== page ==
Nepal Maoists to stay in opposition
The UCPN-Maoist, the third largest party in Nepal's Constituent Assembly, Sunday said it will stay in the opposition but will help the other parties in the constitution drafting process.
The Nepali Congress and the Communist Party of Nepal-Unified Marxist-Leninist (CPN-UML) are the largest and second largest parties, respectively.
Addressing the first meeting of the Constituent Assembly at the International Convention Centre here Sunday, Pushpa Kamal Dahal 'Prachanda', chairman of the Unified Communist Party of Nepal-Maoist (UPCN-Maoist), announced that his party will not join the government.
Prachanda, however, said his party would assist the other parties in drafting a new constitution.
The largest party in the 2008 elections, the Maoist party emerged as a dominant political force in Nepal but could not hold on to its premier status. In elections Nov 19 last year to constitute the second Constituent Assembly, the Maoists came a distant third.
"Our priority is not the government and who will be the next president of Nepal. We will sit in the opposition and will extend creative help to the Congress and CPN-UML in drafting the constitution," Prachanda said.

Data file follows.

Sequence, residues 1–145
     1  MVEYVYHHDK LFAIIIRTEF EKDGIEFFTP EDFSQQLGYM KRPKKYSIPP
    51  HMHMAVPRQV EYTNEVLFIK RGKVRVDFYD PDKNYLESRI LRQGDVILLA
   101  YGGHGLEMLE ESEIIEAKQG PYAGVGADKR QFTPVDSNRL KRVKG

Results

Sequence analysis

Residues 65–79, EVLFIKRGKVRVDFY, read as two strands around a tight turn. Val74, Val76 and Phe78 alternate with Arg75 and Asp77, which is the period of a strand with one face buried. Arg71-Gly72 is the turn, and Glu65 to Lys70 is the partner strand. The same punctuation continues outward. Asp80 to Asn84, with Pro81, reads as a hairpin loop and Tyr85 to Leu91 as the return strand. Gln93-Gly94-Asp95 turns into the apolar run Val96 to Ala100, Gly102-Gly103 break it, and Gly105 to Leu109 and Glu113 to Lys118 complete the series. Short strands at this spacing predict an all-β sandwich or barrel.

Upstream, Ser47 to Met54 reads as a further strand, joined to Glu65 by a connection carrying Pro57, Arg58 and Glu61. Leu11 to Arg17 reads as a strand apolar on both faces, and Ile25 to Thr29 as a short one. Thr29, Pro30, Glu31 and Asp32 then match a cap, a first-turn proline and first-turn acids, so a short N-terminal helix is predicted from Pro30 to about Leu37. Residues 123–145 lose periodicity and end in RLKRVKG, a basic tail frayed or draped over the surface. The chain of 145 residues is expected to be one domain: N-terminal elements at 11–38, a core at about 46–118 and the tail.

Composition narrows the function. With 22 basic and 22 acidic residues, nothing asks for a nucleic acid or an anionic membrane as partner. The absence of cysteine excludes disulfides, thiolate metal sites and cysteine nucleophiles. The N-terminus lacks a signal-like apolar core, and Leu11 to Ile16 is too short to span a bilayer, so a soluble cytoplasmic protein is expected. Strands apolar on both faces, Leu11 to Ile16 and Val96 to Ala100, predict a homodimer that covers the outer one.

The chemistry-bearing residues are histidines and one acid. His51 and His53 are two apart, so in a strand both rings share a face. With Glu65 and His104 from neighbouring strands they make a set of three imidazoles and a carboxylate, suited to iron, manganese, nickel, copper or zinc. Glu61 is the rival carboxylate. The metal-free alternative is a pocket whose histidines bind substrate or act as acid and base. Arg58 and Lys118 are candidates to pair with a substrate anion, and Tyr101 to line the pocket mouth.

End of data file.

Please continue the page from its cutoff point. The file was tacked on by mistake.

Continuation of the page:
He, however, warned the others not to consider them as a small party "because we are part of Nepal's ongoing peace process and I am a signatory to that peace accord".
The accord signed in 2006 between the government and the Maoists had paved the way for a political transformation in Nepal. Under the accord, Nepal has held elections to the Constituent Assembly twice, but the larger agenda of framing the constitution still remains unfulfilled.
"It would be a blunder if the Maoist party is treated as a minor party," Prachanda warned.
Nepali Congress president Sushil Koirala, widely seen as the country's future prime minister, said the country needs a consensual government to forge political understanding which will assist in the constitution-drafting process.
"Almost 80 percent of the constitution-drafting process is complete," Koirala said.
The first constituent assembly was dissolved in 2012 after it failed to come to an agreement on federal states and the form of government.
CPN-UML chairman Jhalanath Khanal said Nepal needs a stable and strong government, and also demanded local elections that have not taken place in 16 years.
Top Madhesi leader Upendra Yadav, also a former deputy prime minister, gave a speech in Hindi and spoke of the achievements made during the tenure of the last constituent assembly (2008-2012).
(Posted on 26-01-2014)